Denial is a psychological defense mechanism that, in healthy doses, can help people cope with trauma, difficult circumstances or upsetting events. Addicts, however, suffer from excessive and unhealthy levels of denial that keep them from recognizing the severity of their substance abuse issues.
Drugs and alcohol directly harm the body, but they also indirectly harm the body because of the way they affect the addict’s eating habits. People who struggle with chemical dependency tend to eat irregularly and make poor food choices when they do eat. Heavy substance abuse can also hamper the body’s ability to absorb and process nutrients from food.
Over the past decade, levels of alcohol abuse among women aged 30 to 44 have doubled, and levels of prescription drug abuse have skyrocketed by 400 percent. Substance abuse devolves into addiction for many of these women, some of whom are the mothers of young children.
Addicted women are less likely than men to seek help for their addictions. They may feel that seeking treatment will interfere with their ability to keep their households running smoothly. They may fear the consequences of asking for help more than the consequences of addiction. As a result, these women are adept at hiding their addictions, sometimes to the point where no one is the wiser until tragedy strikes.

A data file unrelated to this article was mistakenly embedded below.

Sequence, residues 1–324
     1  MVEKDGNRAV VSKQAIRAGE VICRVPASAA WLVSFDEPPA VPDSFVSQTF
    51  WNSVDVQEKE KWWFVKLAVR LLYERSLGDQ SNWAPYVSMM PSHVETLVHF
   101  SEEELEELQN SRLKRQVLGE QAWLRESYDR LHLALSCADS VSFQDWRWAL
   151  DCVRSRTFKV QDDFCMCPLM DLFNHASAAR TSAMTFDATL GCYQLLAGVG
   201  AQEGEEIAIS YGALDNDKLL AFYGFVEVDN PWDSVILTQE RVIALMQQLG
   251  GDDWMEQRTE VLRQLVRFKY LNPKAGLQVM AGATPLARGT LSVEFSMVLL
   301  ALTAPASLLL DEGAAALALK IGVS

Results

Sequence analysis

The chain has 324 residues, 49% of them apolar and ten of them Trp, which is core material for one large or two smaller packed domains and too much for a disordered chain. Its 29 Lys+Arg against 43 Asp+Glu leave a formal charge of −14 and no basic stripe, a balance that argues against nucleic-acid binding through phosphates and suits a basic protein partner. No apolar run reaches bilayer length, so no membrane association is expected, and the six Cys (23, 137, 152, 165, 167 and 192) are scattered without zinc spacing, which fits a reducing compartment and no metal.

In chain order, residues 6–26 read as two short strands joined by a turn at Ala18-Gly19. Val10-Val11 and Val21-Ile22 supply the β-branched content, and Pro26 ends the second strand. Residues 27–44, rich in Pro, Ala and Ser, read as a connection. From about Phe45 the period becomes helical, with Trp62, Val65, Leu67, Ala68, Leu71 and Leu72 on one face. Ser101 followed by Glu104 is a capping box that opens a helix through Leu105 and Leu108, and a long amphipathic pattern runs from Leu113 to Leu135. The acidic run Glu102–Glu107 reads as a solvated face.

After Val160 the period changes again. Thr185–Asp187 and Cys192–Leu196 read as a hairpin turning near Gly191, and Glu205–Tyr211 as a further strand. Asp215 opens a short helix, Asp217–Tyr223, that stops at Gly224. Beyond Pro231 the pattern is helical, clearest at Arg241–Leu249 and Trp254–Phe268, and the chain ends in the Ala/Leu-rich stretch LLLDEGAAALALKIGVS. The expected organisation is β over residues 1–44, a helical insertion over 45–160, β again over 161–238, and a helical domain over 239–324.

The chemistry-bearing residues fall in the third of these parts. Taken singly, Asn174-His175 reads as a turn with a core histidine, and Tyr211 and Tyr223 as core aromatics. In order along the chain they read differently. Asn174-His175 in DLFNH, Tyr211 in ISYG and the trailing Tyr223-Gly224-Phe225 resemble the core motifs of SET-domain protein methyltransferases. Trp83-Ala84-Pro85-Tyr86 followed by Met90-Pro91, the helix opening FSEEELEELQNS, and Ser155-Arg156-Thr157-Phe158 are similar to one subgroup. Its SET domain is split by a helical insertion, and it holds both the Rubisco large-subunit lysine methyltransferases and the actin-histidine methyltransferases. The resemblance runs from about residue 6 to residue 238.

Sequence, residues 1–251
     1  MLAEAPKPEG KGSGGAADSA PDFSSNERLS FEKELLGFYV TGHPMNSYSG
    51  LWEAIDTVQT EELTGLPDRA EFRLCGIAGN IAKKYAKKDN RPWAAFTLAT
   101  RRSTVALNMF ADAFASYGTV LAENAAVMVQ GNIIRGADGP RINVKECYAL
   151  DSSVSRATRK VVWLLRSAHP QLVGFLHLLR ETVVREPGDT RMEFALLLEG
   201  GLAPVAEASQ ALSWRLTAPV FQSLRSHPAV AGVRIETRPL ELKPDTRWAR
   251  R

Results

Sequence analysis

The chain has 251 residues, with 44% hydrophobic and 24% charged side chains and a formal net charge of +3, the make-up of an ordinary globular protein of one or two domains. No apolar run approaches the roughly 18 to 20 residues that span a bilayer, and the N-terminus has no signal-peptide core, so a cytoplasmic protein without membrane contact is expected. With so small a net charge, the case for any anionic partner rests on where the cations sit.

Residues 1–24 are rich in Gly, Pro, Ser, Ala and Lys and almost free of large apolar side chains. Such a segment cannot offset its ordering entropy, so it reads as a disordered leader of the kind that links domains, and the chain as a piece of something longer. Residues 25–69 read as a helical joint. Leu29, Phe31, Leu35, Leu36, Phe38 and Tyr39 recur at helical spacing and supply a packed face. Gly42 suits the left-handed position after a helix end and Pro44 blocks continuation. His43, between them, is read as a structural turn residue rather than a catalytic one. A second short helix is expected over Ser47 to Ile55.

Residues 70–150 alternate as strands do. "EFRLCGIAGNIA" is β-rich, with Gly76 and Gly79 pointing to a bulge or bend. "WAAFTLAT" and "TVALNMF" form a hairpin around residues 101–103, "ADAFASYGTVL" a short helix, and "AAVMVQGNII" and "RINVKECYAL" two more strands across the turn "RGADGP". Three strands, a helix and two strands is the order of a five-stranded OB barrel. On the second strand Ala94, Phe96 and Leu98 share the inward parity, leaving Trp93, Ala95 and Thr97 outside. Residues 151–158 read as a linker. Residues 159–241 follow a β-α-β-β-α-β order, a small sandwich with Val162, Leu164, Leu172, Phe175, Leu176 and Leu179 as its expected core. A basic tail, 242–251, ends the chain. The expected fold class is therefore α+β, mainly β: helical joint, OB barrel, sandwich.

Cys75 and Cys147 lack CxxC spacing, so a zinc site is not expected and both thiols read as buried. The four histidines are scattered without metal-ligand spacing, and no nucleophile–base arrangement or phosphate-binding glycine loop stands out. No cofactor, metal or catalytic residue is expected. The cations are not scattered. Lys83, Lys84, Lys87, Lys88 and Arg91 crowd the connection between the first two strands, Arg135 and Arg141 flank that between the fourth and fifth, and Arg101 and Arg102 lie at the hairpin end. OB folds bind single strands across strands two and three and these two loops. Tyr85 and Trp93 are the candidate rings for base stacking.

Alcoholism affects not just the alcoholic, but that person’s whole family. Mothers who struggle with alcoholism put themselves as well as their young children, at risk for a number of social, emotional and psychological problems.
Mothers laboring under the burden of untreated alcoholism may neglect their children’s needs, withdraw emotionally, or lash out violently, all of which can cause lasting emotional trauma for the kids. Children of an alcoholic mother are more likely to suffer from low self-esteem and mental illness and may have trouble forming healthy adult relationships due to trust, abandonment and other issues they developed as a result of their mother’s alcoholism.
Scientific research has now proven that the human brain can make new neural connections throughout life; however, this does not cancel out the importance of safeguarding healthy brain development during the childhood and teenage years. Adolescents and teens who take in substances — including alcohol, prescription or street drugs — can negatively affect neural development and brain function throughout their life. In fact, use of substances can artificially alter which brain areas are over- or under-utilized. This is especially true in the adolescent brain. Today’s best practices in adolescent and teen drug treatment protocols have developed out of this understanding of these years as critical for brain health and development.